George W. Waters (1832-1912), American
Lake Maggiore, Italy, 1886-1887
oil on canvas, 15 in. x 24 in.
(framed dimensions: 27 in. x 36 in. x 4 ¼ in. deep)
weight with frame approximately 22 lbs
signed lower right: “G.W. Waters ‘86+’87”
inscribed in pencil on frame reverse: “Elizabeth (illegible)” and “December 25, 1890”
In this idyllic landscape, the artist depicts Lake Maggiore in northern Italy. A rower in a pleasure boat cuts across the center of the painting while a distant steam ferry works its way along the far shore. Beyond the rower, nestled close to the lake, is a small village with its ubiquitous Italian red tile roofs, the whole reflected in the barely ruffled water. Standing sentinel over the lake are receding foothills, smaller mountains and finally the Alps toward the Swiss border. The painting is skillfully observed and convincingly rendered by the artist. He uses an interesting interplay of light and shade along with subtly beautiful colors – emerald and olive green and turquoise notes in the water; warm siennas in the roof tiles, brighter greens above the village; warm ochers and browns in the hills and mountains leading up to the distant soft whites the center mountaintop and ultimately the soft pale blues and creams of the sky and passing clouds. Waters had used the device of a small figure rowing a boat surrounded by mountains in some of his American paintings, helping to convey the majesty of the landscape. He does so here as well, and the artist leads our eye through the composition, starting with that rower in the small boat, to the pop of color in the village, to the lighter band of color on the lake’s surface and across to the steam ferry and on deeper into the scene between the opposing foothills and on and up to the distant snowcapped peak. The scene bears a strong resemblance to the town of Baveno, along the west shore of Maggiore, looking to the northwest. Other American artists, such as Sanford Robinson Gifford, had painted the same view. In other renditions of the view, most painters included the small offshore islands of Isola Superiore and Isola Bella. If this is the location depicted in this painting, then perhaps Waters used a vantage point from Isola Superiore looking toward Baveno.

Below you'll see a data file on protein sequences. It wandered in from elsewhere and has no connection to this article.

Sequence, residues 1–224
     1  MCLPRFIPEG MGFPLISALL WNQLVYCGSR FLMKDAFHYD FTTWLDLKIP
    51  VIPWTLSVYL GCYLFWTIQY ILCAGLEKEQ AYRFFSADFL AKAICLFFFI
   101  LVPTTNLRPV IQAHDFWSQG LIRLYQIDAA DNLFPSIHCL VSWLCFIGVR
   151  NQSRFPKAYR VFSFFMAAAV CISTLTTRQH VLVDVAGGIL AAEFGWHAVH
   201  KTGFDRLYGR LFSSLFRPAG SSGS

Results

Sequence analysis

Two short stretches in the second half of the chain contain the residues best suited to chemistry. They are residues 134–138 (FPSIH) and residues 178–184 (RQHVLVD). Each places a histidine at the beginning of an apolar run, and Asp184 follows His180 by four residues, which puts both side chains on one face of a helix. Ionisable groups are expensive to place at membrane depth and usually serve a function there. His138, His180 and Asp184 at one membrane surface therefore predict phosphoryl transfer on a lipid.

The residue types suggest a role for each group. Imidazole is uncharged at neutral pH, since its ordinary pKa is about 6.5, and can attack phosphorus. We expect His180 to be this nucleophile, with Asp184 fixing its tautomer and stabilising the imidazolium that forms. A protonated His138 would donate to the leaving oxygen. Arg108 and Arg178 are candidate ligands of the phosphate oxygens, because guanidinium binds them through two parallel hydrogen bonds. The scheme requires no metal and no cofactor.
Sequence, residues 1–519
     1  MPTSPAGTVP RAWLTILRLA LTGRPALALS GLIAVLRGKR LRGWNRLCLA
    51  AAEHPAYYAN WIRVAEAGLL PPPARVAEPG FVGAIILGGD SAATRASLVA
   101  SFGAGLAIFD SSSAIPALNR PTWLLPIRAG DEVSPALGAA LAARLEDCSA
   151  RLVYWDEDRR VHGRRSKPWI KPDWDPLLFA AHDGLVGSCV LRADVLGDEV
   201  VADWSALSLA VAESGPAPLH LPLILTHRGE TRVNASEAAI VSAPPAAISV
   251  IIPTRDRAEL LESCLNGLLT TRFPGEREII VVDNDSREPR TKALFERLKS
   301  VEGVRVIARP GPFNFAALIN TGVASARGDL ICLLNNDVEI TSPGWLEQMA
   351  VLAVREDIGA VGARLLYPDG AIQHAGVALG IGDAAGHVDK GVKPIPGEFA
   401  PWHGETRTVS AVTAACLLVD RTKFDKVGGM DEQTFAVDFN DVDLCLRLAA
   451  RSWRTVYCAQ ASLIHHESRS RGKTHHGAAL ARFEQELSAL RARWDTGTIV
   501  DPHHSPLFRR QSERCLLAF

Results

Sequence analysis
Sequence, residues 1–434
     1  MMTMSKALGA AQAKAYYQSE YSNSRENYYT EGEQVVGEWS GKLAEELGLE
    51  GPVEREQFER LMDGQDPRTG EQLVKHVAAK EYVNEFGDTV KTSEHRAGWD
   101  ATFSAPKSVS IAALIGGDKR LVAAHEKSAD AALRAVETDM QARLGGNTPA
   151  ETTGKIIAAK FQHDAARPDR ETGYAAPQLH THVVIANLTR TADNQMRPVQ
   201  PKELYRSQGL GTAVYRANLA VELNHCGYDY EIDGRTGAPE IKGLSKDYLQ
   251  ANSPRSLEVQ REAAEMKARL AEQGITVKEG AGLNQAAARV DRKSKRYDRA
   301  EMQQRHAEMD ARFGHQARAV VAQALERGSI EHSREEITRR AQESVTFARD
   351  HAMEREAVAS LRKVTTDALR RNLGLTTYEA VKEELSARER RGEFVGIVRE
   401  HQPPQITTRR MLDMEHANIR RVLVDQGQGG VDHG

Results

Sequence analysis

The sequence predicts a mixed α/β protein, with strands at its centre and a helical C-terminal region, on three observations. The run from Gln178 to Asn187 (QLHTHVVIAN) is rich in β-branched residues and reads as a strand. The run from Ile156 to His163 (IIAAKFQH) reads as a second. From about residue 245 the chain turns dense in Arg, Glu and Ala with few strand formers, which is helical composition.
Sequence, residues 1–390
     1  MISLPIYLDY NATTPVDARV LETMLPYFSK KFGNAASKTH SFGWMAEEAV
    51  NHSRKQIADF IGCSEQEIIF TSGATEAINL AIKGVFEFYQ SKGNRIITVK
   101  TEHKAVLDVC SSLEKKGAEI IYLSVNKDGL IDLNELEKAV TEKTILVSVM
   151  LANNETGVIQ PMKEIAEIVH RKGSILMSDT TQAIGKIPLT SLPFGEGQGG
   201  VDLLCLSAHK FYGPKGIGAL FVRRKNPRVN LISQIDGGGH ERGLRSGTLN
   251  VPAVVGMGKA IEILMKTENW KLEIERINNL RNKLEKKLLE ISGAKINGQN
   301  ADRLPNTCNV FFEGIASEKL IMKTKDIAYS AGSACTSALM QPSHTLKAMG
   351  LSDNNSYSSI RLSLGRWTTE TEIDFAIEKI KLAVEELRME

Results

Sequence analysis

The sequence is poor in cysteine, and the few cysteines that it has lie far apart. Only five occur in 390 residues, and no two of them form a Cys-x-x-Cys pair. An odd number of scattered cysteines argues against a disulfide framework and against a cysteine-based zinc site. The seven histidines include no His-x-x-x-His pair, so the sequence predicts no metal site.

George W. Waters (there is some confusion over whether his middle name was Waters or Wellington) was born in the small upstate New York town of Coventry. Early in life he showed a marked ability as an artist and he studied portrait and landscape work in New York City and later in Dresden and Munich. At the young age of eighteen in 1850 he exhibited his first painting at the National Academy of Design in New York City, where he would exhibit for over 40 years.
Though he maintained a studio in the city for many years, George and his wife, Sarah (Betts), moved upstate in 1861 to the small city of Elmira where they settled and raised two daughters and two sons. In 1869, he was chosen to be the first director of the Elmira College art department.
Waters was an accomplished portrait painter, having painted Governors of both New York and Wisconsin as well as Walt Whitman, a good friend.
He was more known for his paintings of the countryside and wilderness areas of the northeast United States. He made frequent trips to the White Mountains, the Adirondacks, and to the lakes region of upstate New York. Waters painted large landscapes for the collections of such notable figures as Andrew Carnegie and Samuel L. Clemens as well as other nationally known figures.
With the aid of wealthy patrons, Waters was able to travel to Europe in 1880 and 1886, at which time he made hundreds of pen, pencil and watercolor studies to use as source material for his fully developed studio paintings, which presumably was his method for creating this painting of Lake Maggiore.
In 1903, at the age of 71, Waters retired from his position at Elmira College. He continued to paint until his death on July 23, 1912.
George Waters was a member of the Salmagundi Club, the Century Association and the Amateur Art Association.
He exhibited at the National Academy of Design, the Pennsylvania Academy of the Fine Arts, the Boston Art Club, the Salmagundi Club and in the cities of Buffalo, New York; Kansas City, Missouri; Detroit, Michigan; and Denver, Colorado.
His work is held in the Western Reserve Historical Society, Cleveland and the Arnot Art Museum in Elmira, New York, which also held a retrospective exhibition of his work in 1989.
The painting is in original, unlined condition. The paint surface is clean with nice colors. Examined under UV light, I see only one very small line of possible inpaint near top center – this is the width of a thread and perhaps an inch long. There a few small spots along the extreme left edge where canvas meets frame. As often occurs with older paintings on canvas, there are visible stretcher bar marks along the top and left and right sides of the painting. No mark along the bottom. (*please see photographs of painting in raking light). These may be mitigated with proper lighting. The period gilt frame is a substantial one and is of very fine quality with laurel leaf and berry detail. It is in remarkable condition with just a few hard-to-find minute losses and small scattered areas where the surface has been retouched. A pencil inscription on the reverse side of the frame reads “Elizabeth (illegible)” and below that “December 25, 1890”.
George W. Waters, Lake Maggiore, oil painting on canvas, 1886